In 2018, the ICP gave Berger one of its Infinity Awards for his New York Times “Race Stories” columns. A typical Times column by him focused on photography by the likes of Dawoud Bey, Dorothea Lange, and Gordon Parks, and tied it to current happenings and personal events in Berger’s own life. In one column, he listed some of his favorite photographs and included a famous image of white nationalists bearing tiki torches at a 2017 rally in Charlottesville, Virginia. “They made visible what images of oppression and violence generally do not: the ordinary people who perpetuate white supremacy,” Berger wrote.
It can be difficult to summarize Berger’s many accomplishments because they took so many forms. He curated retrospectives for Adrian Piper and Fred Wilson for the University of Maryland, Baltimore County’s galleries. As part of an artwork by Alicia Hall Moran and Jason Moran, he created a film about movements between two disparate spaces for the 2012 Whitney Biennial. In 1999, he published a book called White Lies: Race and the Myths of Whiteness. He wrote essays for the catalogues of important exhibitions such as “Black Male: Representations of Masculinity, 1968–1994” at the Whitney and “Action/Abstraction: Pollock, de Kooning, and American Art, 1940–1976” at the Jewish Museum. He addressed the defunding of the National Endowment for the Arts for Artforum, and he organized the show “For All The World To See: Visual Culture and the Struggle for Civil Rights” for the National Museum of African American History and Culture in Washington, D.C.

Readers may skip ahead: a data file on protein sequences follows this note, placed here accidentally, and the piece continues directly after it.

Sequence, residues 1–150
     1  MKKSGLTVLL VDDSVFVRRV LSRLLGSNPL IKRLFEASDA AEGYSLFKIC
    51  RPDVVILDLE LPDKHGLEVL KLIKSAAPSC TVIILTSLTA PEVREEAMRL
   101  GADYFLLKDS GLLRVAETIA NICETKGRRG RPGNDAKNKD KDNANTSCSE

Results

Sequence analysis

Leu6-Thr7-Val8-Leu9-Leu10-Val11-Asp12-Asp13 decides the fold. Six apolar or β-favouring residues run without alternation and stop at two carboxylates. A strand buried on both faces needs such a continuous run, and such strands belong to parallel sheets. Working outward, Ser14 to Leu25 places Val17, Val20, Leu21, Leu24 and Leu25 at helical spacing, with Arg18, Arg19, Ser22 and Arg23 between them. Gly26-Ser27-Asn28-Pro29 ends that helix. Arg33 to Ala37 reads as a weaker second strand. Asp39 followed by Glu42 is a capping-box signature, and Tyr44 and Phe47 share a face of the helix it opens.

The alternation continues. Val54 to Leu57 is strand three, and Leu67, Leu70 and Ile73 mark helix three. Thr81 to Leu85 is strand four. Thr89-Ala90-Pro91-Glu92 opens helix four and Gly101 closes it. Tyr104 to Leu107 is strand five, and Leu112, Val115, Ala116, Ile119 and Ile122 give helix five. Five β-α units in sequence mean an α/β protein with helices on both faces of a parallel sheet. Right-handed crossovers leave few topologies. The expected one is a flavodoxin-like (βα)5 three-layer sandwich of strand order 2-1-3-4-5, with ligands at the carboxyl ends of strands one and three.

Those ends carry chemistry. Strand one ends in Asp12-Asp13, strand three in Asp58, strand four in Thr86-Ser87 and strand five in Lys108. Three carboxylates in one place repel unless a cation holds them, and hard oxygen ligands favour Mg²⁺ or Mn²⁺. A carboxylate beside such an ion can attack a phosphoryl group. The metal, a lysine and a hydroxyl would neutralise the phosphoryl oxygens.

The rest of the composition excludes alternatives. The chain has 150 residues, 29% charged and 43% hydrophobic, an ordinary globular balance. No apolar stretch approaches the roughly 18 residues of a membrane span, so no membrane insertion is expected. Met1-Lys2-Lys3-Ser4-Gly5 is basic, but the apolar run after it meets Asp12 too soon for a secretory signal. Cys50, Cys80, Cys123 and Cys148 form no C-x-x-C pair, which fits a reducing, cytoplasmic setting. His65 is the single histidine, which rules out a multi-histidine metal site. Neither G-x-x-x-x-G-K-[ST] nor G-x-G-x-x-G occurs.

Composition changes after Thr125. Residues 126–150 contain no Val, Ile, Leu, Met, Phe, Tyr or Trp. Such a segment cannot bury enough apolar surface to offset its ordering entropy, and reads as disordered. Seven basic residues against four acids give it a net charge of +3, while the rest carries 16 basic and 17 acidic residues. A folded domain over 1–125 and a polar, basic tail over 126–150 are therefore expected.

Connecting all of his various activities was a curiosity about perspectives different from his own. “Very few white artists venture into black culture—very few white people, for example, read Toni Morrison,” he told New York in 2004. “To me, it’s hipper to love gospel and Toni Morrison than it is to love Miles Davis.”